Members of the Oregon Legislature have been sitting on proposed changes to the Public Employees Retirement System all session. A move to get them off center last week died on a party-line vote. It doesn't bode well when public pension reform, while clearly not the only answer to the state's long-term budget problems, is a critical piece that must be addressed.
The bill in question, sponsored by Sen. Chris Telfer, R-Bend, would have eliminated the requirement that public agencies contribute 6 percent of employee contributions to PERS in addition to their own contributions. The measure has been stuck in the Senate Rules Committee, and a move late in the week to get it out without committee action failed. All 14 Republicans supported the effort and all 16 Democrats rejected it.
There may be no meaningful reform to the system this session.
There are hurdles to PERS reform, to be sure. The state and its subdivisions are legally obligated to keep some of the system's most expensive features in place, for one thing. Some of those obligations are contractual and cannot be undone. Others, like the all-or-nothing approach to the 6 percent pickup, most likely could legally be adjusted so that agencies might negotiate smaller or no pickups in the future. Still others, like the move to quit reimbursing out-of-state retirees for Oregon income taxes they do not pay, seem logical from the outside but apparently are less so inside the Capitol.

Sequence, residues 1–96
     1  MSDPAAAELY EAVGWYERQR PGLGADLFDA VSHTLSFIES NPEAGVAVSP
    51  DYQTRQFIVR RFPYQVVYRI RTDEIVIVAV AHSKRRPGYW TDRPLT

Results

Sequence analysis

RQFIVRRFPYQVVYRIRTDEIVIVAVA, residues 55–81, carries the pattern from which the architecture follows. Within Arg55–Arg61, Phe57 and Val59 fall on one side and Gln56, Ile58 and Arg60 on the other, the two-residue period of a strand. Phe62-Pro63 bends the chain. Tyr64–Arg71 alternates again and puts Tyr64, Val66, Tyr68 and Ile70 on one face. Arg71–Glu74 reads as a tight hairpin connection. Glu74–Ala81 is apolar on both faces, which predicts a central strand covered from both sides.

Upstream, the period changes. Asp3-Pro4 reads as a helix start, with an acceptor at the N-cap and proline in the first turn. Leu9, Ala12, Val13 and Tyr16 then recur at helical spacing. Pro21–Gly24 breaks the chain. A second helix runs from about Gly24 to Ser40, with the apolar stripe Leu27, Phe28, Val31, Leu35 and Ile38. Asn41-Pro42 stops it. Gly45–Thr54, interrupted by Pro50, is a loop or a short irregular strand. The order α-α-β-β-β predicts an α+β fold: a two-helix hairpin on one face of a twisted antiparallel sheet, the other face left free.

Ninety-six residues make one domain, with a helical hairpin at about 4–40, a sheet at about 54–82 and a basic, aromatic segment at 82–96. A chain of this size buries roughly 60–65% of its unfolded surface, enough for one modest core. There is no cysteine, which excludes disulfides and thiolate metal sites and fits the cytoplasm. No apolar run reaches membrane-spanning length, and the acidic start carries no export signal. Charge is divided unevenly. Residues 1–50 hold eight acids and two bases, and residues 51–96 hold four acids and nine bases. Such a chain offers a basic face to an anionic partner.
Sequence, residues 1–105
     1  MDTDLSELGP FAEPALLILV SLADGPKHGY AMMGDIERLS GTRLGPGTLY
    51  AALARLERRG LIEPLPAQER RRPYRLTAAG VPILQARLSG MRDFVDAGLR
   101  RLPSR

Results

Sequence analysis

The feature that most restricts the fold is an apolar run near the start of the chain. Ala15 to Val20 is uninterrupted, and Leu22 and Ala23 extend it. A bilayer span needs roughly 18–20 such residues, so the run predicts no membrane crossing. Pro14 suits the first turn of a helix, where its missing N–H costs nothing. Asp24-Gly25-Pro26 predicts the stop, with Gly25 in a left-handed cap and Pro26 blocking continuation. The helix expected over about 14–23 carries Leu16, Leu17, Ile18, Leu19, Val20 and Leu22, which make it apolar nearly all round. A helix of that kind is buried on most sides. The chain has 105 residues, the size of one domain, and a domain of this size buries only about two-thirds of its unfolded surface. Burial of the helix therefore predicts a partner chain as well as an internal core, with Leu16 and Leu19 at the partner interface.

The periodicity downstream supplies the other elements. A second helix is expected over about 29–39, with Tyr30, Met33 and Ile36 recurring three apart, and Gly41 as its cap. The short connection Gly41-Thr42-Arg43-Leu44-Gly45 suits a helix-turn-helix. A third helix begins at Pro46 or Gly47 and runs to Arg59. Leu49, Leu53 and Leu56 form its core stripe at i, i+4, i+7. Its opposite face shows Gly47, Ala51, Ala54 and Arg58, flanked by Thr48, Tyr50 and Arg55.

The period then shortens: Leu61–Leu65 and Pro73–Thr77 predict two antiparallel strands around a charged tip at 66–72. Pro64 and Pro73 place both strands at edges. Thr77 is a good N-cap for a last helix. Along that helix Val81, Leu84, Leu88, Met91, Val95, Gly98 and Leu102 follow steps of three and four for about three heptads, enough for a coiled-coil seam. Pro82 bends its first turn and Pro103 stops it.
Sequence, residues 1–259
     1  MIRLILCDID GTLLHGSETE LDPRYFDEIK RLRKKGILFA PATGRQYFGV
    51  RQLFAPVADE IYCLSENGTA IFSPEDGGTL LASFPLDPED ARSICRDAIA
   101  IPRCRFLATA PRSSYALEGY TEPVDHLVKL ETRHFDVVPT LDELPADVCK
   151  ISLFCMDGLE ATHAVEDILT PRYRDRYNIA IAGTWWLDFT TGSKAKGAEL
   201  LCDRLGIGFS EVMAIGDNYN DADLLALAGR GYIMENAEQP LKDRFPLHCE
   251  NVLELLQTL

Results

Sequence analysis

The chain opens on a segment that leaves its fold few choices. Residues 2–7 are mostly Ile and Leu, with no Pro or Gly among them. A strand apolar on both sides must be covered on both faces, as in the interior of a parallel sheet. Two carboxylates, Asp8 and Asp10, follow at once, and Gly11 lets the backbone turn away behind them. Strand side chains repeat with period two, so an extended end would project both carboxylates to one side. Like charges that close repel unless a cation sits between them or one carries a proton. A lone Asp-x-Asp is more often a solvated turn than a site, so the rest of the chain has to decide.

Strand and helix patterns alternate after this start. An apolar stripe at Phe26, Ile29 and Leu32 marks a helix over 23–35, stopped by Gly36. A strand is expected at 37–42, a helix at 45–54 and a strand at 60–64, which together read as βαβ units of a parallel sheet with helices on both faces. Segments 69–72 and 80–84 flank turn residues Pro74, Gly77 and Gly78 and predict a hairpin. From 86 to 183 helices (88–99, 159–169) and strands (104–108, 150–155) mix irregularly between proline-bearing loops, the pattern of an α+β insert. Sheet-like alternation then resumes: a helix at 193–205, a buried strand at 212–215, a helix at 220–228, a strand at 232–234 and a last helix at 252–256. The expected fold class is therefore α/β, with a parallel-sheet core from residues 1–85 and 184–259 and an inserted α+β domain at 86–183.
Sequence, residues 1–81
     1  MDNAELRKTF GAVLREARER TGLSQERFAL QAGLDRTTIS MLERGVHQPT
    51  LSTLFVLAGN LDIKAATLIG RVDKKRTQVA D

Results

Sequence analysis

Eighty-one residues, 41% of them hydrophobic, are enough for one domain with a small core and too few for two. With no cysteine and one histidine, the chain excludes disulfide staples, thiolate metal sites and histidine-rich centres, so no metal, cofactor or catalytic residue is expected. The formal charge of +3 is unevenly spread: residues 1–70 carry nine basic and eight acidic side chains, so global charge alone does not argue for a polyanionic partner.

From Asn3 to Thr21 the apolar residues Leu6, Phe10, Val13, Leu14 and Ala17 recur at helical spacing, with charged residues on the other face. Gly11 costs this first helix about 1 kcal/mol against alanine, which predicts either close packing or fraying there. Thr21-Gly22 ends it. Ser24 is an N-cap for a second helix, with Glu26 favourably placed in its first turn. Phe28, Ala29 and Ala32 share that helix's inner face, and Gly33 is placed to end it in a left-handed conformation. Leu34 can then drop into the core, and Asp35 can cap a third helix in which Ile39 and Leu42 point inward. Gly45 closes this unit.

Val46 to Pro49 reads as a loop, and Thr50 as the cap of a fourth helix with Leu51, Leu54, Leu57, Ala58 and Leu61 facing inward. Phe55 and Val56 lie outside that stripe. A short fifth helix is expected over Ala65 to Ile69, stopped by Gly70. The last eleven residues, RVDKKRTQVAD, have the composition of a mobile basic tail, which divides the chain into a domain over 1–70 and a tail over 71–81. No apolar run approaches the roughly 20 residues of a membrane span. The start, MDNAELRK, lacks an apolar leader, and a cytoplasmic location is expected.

A stronger stock market and a better-than-expected state revenue forecast last month don't make the job of PERS reform any easier, unfortunately. In fact, they've served to take a chunk of the heat out of the fire for reform that was evident during political campaigns last fall.
Yet PERS reform should be a centerpiece to budget control efforts. Reform accomplished would send a clear message that this state is committed to handling its finances in a more responsible way. Moreover, reform accomplished helps not only the state but nearly every city, county and school district.
Reform failed does just the opposite. Oregon cannot afford that failure - not now and surely not in the years ahead.
- The Bend Bulletin